July 26, 2016
Amidst news reports that Michelle Obama gave one of the best received speeches at the Democratic National Convention last night, here’s another observation: she was also absolutely, utterly, masterfully on message.
Obama’s speech echoed themes in a 30-second political ad released in mid-July by Hillary Clinton’s campaign, titled “Role Models.” In the ad, scenes of children seriously and quietly watching Donald Trump’s image on a TV screen show. Meanwhile, there is audio of some of Trump’s more controversial quotes, such as “and you can tell them to go f**k themselves,” and “She had blood coming out of her eyes, blood coming out of her where ever.” Then the words, “Our children are watching. What example will we set for them?” appear on the screen, followed by footage of Clinton talking about the example we set for our children and grandchildren.
Now listen to this segment from Michelle Obama’s speech from the first night of the convention, as captured by the TV News Archive. The First Lady says:
“We as parents are their most important role models. And let me tell you Barack and I take that same approach to our jobs as president and First Lady because we know that our words and actions matter, not just to our girls, but to children across this country.”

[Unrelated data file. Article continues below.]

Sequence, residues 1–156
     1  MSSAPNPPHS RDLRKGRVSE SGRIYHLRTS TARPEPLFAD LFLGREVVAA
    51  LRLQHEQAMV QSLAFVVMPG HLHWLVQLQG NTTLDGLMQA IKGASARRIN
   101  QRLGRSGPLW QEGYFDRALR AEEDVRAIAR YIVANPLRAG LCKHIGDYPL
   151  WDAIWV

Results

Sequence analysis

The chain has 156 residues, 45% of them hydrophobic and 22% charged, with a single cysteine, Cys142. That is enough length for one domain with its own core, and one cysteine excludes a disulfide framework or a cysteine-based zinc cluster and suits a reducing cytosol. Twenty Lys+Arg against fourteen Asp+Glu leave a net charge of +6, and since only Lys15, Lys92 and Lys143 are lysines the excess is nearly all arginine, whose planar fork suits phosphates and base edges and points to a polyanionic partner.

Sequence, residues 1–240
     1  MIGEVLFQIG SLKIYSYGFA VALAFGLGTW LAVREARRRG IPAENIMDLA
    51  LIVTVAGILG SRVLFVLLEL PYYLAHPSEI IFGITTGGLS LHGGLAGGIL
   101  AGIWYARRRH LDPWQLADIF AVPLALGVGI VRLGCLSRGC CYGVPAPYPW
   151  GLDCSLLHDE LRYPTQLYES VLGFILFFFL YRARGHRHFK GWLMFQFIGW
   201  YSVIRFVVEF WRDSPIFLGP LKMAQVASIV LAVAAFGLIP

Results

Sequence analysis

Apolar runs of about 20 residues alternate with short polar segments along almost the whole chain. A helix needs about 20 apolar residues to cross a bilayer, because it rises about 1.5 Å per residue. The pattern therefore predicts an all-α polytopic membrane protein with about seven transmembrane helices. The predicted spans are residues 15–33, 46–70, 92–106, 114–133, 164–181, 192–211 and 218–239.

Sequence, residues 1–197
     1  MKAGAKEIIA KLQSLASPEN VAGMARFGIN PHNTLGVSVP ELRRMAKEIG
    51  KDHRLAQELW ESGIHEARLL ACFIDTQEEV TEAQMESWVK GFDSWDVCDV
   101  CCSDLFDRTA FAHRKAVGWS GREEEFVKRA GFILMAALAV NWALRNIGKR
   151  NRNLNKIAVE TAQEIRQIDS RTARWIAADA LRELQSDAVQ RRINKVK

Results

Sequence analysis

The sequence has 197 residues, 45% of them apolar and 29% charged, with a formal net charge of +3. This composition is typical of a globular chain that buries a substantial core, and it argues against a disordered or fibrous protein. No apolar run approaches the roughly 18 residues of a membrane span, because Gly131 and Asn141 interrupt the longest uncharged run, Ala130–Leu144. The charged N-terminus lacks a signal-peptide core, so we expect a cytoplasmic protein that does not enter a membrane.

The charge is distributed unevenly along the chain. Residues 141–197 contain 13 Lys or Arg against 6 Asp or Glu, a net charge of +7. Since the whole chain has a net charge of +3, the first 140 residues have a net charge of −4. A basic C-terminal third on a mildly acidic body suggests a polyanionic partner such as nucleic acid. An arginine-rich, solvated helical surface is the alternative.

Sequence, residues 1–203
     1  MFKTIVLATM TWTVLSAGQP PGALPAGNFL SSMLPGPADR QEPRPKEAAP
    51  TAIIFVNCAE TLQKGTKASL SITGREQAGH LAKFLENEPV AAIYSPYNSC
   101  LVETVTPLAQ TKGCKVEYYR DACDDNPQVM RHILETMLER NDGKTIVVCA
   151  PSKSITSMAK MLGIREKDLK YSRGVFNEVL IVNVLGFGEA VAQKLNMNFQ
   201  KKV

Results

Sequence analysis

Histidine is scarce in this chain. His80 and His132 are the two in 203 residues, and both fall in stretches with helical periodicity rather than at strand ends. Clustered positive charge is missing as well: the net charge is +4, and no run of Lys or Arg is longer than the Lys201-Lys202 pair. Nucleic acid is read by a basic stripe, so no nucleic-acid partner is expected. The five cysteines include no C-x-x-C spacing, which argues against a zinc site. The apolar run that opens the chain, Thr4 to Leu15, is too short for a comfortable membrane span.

This general mode of attack against Donald Trump — using his own words against him, filtering them through the lense of how people react to them — is also being used in another series of 15-second ads sponsored by Woman Vote!, a super PAC supporting Clinton’s campaign. This series, however, focuses on adults, not kids. People are shown a sign with Trump quote on it and asked to say it on camera. In this example, an African American woman says, “I don’t feel comfortable saying this.” She’s asked to show the card to the camera, and the words read: “Laziness is a trait in blacks.”
Video of Donald Trump was also featured to introduce speakers on the first evening of the Democratic National Convention. Will this theme continue throughout the week? We’ll be watching.
Note: The Political TV Ad Archive is now tracking political ad airings in limited markets: Philadelphia, San Francisco, and Washington, DC. The project will begin tracking airings of ads in battleground states in August.